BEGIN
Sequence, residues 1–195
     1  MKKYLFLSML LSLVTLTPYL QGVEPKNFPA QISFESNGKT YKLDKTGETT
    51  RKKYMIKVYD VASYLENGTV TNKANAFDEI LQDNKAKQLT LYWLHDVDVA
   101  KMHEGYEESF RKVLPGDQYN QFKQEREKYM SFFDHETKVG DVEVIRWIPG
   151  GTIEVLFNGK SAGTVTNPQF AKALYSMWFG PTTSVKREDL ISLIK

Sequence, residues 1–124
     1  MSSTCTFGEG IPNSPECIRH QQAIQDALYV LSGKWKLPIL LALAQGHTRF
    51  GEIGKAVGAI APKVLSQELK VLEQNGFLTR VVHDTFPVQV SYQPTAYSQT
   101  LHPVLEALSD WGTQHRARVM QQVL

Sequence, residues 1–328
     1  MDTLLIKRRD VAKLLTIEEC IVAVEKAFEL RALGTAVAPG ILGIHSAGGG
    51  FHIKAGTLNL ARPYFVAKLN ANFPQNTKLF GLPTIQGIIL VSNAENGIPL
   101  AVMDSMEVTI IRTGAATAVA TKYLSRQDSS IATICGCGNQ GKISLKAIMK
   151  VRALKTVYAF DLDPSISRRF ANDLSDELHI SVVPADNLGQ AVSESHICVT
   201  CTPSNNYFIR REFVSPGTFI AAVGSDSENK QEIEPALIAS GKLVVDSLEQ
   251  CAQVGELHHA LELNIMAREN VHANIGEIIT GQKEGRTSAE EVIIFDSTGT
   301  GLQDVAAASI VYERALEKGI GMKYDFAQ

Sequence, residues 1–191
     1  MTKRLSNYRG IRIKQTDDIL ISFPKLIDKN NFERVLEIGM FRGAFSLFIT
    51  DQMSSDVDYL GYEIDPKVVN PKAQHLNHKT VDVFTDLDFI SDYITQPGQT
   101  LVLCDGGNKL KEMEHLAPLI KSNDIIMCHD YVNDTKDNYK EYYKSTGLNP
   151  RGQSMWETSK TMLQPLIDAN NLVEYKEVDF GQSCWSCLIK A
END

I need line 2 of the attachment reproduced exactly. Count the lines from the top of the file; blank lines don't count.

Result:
     1  MKKYLFLSML LSLVTLTPYL QGVEPKNFPA QISFESNGKT YKLDKTGETT